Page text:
June 23, 2009

Exploring the Regional Cuisine of Hawaii

I just got back from a great trip to Kauai, Hawaii with my boyfriend Justin and his family. Sun, sand, good food, and outdoor activities are definitely my idea of a perfect vacation.

Kauai, also known as the “Garden Isle”, is the oldest of the main Hawaiian Islands and receives some of the most rainfall in the world. Mount Waialeale, at the heart of the island, receives up to 400 inches of rain per year! Where we stayed on the South Shore, however, we saw nothing but warm breezes and sunny skies.

One of my most memorable activities was visiting Kauai’s breathtaking Na Pali coast, which extends along the northwest side of the island. The coastline can only be seen by sea, air or hiking so we set out on a rafting tour adventure to witness the incredible views. And an adventure it was—fast, wet and bumpy, but well worth it. The spectacular coastlines are the result of millions of years of wind and water erosion with soaring cliffs, lush valleys, waterfalls, sea caves and some of the best snorkeling I’ve ever done.

In 1992, Hurricane Iniki was the worst hurricane to strike the area in recorded history and devastated much of the island. It had an effect on the island’s ecosystem, uprooting many agricultural crops, and destroying many domestic chicken farms. Years later, visitors will find thousands of wild chickens clucking, crowing and pecking throughout the island. With few natural predators, they are bound to remain significant inhabitants of the island.

As one can imagine, the land in Kauai is very fertile and home to a variety of agricultural crops. During the plantation era, sugar cane, pineapple, coffee and macadamia nuts were discovered to be profitable crops by U.S. landowners. Cheap labor was brought in from China, and other immigrants followed, namely from Japan, Korea, the Philippines, and Portugal. Each of these groups introduced flavors and ingredients from their homelands.

Unfortunately the methods used to grow the mass-produced crops relied heavily on pesticides and depleted the soil of much of its nutrients. Recently, there has been a movement to revive sustainable and organic farming throughout Hawaii. After doing some research, I learned that in the 1980’s, acclaimed chefs Peter Merriman and Alan Wong helped to pioneer a regional cuisine that uses fresh local ingredients. Since then, community efforts to eat locally and sustainably have flourished.

Farmers are now growing a variety of crops including taro root, pineapple, chocolate, coffee, guava, mango, banana, coconut, lettuce, cucumber, pikake (Hawaiian jasmine) and gardenia.

The modern cuisine of Hawaii is a fusion of many ethnic flavors, often incorporating fresh fish and unique foods grown on the islands. I have been inspired by the push for a regional cuisine using local ingredients and set out to create my own take on a fresh, healthy dish that employs the unique flavors of Hawaii. I encourage you to try this recipe—the combination of sweet, tart and spicy, paired with crisp vegetables and flaky, moist mahi mahi makes for a tasty and satisfying meal.

Macadamia-Coconut Crusted Mahi Mahi with Banana Salsa
Baby Greens with Citrus Dressing

The spicy banana salsa, paired with the sweet and crunchy macadamia-coconut crust truly makes the meal. Use bananas that are deep yellow and still firm. An overripe banana would likely overpower the dish. If you'd like, you could substitute the banana with other tropical fruits such as mango or papaya.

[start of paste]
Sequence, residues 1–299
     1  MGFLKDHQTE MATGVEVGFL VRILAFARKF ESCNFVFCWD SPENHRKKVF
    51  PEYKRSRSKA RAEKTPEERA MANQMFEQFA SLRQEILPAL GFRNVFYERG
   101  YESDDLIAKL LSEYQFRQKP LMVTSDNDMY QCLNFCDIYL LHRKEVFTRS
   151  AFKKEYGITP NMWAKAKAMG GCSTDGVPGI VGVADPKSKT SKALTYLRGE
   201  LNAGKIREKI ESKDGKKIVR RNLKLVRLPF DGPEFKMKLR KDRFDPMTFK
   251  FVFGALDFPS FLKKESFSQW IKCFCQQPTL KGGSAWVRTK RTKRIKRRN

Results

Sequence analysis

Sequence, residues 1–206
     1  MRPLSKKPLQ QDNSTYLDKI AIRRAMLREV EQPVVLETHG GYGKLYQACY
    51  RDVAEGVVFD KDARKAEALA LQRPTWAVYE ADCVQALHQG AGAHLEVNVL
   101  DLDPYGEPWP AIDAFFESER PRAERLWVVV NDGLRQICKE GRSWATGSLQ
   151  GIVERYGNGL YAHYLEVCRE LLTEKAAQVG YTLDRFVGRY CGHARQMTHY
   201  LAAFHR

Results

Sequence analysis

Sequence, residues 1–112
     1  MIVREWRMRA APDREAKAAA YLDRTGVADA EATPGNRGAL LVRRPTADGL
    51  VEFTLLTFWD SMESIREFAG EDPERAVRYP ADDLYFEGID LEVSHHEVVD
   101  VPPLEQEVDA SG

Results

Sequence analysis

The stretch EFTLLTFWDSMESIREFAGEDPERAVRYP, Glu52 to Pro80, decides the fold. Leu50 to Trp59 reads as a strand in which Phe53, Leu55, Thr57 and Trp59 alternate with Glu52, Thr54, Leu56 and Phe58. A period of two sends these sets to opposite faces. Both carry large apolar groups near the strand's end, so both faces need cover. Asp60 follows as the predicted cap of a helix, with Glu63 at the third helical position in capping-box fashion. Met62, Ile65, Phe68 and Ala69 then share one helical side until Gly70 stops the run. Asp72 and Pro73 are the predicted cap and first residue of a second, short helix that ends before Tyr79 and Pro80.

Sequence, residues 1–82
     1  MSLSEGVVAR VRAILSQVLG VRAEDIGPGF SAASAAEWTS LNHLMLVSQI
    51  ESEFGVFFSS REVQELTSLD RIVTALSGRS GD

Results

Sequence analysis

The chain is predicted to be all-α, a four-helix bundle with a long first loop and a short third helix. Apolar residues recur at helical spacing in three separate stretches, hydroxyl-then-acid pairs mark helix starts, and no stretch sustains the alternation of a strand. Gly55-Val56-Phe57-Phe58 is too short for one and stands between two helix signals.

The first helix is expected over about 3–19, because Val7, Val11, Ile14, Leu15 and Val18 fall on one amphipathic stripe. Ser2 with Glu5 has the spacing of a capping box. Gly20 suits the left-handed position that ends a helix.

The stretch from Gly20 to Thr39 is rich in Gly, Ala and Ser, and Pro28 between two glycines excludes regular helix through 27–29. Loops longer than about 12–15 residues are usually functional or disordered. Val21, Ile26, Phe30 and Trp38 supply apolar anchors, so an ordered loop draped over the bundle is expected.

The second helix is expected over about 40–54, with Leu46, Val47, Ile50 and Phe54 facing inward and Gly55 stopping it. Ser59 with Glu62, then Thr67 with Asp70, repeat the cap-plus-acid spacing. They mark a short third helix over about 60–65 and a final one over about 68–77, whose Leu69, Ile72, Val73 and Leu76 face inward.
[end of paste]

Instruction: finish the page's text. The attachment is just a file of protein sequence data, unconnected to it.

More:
For Mahi Mahi

Juice of 1 lime
1 Tbsp soy sauce
4 (6-ounce) skinless mahi mahi fillets
Salt and freshly ground pepper
½ cup roasted, salted macadamia nuts
3 Tbsp unsweetened flaked coconut
3 Tbsp plain bread crumbs
1 organic egg
1 Tbsp unsalted butter

For Banana Salsa

1/2 jalapeƱo, minced
1-2 Tbsp grated fresh ginger
1 clove garlic, minced
1/4 cup red onion, minced
1 Tbsp brown sugar
1 Tbsp rice wine vinegar
1 Tbsp fresh lime juice
1 Tbsp extra-virgin olive oil
1/2 tsp salt
1⁄4 tsp freshly ground black pepper
Dash of cayenne pepper (optional)
1/4 cup cilantro, coarsely chopped
1 medium banana, sliced in half lengthwise and chopped into small cubes

For Mixed Greens

4 large handfuls organic baby mixed greens
3 Tbsp extra-virgin olive oil
Juice of ½ lime plus ½ teaspoon finely grated lime zest
Juice of ½ orange plus ½ tsp finely grated orange zest
Salt and freshly ground pepper
1/2 cucumber, thinly sliced on a diagonal

1. Arrange mahi mahi on a large platter and pour lime juice and soy sauce over fillets. Turn to coat. Cover with plastic wrap and place in refrigerator to marinate for no longer than 30 minutes.
2. Meanwhile, combine the salsa ingredients in a small bowl. Toss gently to combine and set aside at room temperature.
3. In a food processor, blend macadamia nuts, coconut, and bread crumbs until nuts are ground coarsely. Place ingredients in a shallow bowl. Beat egg in another shallow bowl. Set aside.
4. Prepare the citrus dressing: whisk together olive oil, lime juice, orange juice and zests. Season with salt and pepper.
5. Remove mahi mahi from refrigerator and pat dry. Sprinkle generously with salt and pepper. Melt butter in a large skillet over medium heat.
6. Dip each fillet in egg, and then in macadamia-coconut mixture so that it is thoroughly coated. Place in skillet. Cook over medium heat approximately 8 minutes on each side or until mahi mahi is cooked through. Reduce heat to low if coating begins to burn. Do not overcook.
7. Drizzle citrus dressing over mixed greens and toss to coat. Divide among 4 plates and top with mahi mahi. Spoon on salsa and garnish with cucumber.

1 comment:

  1. Banana salsa sounds amazing... why have i never had/seen this anywhere before?